Both familiar and exotic, Singapore invites you to visit some of the world’s most intriguing countries—China, Indonesia, India, and Malaysia, yet you will unpack your suitcase only once, have all your conversations in English and enjoy year-round warm weather.
All these cultures clasp hands in romantic, spotlessly clean Singapore, nicknamed “The Garden City.”
Birds chirp in cages that hang at shop windows in old Chinatown, along Seng Poh Road. In Little India, along Serangoon Road, you’ll mingle with turbaned Sikhs and women in silk saris. On a stroll along Arab Street to the Sultan Mosque, you might hear the call to prayer.The open green, known as Padang, located in the Colonial District, is bordered by reminders of old England: the Parliament House, the Supreme Court, the Cricket Club and the Victoria Concert Hall & Theater.
As you shop and dine your way through the worlds of Singapore, you also may catch some of the ethnic festivals and celebrations that abound in this multicultural city. Watch for Chinese street operas and performances of Malay and Indian dances.
Snuggle into a trishaw and let yourselves be “pedaled” around Singapore’s Asian quarters. Stop by a teahouse for an afternoon snack, send home notes scribed by a street calligrapher, and watch Chinese opera masks and kites being hand painted by youthful artists. Then, stop to bargain for decorative chopsticks and dainty porcelain rice dishes.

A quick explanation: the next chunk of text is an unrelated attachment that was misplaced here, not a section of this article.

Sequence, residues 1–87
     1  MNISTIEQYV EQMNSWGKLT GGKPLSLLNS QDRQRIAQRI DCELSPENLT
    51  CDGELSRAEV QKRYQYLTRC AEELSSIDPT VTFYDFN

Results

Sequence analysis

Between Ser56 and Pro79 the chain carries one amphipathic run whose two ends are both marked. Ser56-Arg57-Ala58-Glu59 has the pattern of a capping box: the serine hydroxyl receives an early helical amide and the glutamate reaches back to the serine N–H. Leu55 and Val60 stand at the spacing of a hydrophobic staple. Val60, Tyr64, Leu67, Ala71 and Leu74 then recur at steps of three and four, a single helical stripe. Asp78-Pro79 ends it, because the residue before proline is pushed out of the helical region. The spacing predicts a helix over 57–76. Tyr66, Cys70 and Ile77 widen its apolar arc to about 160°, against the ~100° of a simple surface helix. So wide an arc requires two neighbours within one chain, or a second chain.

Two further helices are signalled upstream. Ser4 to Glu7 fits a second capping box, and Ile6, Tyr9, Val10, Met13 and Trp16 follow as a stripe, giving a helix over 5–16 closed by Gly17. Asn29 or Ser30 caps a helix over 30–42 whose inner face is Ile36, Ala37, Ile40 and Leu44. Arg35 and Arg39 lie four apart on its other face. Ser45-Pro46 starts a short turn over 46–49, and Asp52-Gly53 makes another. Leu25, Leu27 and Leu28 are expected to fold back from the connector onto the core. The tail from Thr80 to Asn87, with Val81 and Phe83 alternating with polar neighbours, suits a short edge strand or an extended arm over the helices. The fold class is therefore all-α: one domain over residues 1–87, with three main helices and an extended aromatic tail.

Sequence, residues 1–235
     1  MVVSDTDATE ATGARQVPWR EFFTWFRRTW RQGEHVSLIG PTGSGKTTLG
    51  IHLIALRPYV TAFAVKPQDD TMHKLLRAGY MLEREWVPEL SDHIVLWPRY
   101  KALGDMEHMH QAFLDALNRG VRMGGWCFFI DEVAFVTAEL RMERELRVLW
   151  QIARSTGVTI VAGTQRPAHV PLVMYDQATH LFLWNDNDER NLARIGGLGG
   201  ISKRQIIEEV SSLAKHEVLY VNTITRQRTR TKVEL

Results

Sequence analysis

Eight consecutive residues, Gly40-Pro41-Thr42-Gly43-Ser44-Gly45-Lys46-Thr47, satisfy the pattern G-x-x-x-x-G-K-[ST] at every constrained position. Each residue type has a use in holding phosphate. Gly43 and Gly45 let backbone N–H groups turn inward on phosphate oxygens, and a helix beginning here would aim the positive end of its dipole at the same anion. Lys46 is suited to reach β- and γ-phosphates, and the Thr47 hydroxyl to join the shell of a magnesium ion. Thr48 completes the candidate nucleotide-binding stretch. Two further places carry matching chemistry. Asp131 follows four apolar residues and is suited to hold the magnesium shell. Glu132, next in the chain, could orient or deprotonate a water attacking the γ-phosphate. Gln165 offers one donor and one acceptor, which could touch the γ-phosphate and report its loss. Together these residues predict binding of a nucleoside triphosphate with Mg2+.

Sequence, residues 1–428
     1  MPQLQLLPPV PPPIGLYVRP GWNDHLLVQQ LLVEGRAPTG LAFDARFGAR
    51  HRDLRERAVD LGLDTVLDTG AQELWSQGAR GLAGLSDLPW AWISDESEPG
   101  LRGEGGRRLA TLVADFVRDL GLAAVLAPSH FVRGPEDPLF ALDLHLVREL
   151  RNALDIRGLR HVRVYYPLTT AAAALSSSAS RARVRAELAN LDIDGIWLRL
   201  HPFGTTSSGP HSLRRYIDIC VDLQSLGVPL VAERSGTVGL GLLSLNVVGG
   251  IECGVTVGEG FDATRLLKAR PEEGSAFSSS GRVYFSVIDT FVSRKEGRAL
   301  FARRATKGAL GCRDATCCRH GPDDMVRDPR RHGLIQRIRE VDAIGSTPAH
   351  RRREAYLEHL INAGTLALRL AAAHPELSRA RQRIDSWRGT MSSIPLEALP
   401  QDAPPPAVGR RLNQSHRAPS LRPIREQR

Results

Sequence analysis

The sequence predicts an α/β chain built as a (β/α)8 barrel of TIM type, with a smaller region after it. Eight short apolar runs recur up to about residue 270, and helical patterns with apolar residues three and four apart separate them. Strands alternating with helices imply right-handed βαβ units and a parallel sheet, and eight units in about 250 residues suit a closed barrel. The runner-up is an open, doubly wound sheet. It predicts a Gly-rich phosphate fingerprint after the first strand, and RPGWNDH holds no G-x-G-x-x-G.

Nearby, on the cobblestoned streets of Little India, enjoy the scents of clove, cardamom, and incense wafting from the shops. Stop to buy gossamer, delicately printed sari—they pack easily and have a myriad of uses.
Along the Arab Street, you might bargain for silver or gold dance anklets and rings. More shopping awaits along Erskine Road in Chinatown, where you’ll find art and crafts, including spices packaged in unusual containers—they make wonderful keepsakes.
Somewhere along the way, you’ll want to stop and let a reflexologist give you foot
Singapore is a food lover’s paradise. Around the city, you’ll fond every kind of Chinese food, as well as Malay, Japanese, Korean, Thai, French, Brazilian, Danish, Russian, Caribbean, Swiss, American, and even Mexican restaurants. Too many and too much sample in one tour? Not at all! An easy way to try nearly all of Singapore’s cuisines is at one of the many “hawker centers,” open-air food centers where countless stalls sell different ethnic foods and drinks. Among the best hawker offerings are the fresh tropical fruit drinks such as mango and lychee juice.
When you are ready for some fun in the sun, Singapore offers its own getaway isle – Sentosa Island, which is accessible by ferry, cable car, or bus. Here, you can spend a day at the beach and rent pedal boats, aquabikes and windsurfers. There are also golf courses as well as facilities for canoeing and roller skating.
For a wildlife day in the city, visit Jurong Park, where you can have your fortunes told by the resident talking parrot. You may also head 30 minutes outside the city center and spend an evening at the Night Safari Park, where you’ll watch the nocturnal activities of rare jungle animals such as the golden jackal, the red panda lemur, and the purple coot. Don’t miss a visit to Haw Par Village, also a short car or bus ride from the city center. At this Chinese-mythology theme park, you can learn about Chinese legends and myths through multimedia shows, theme rides, live theater and interactive displays.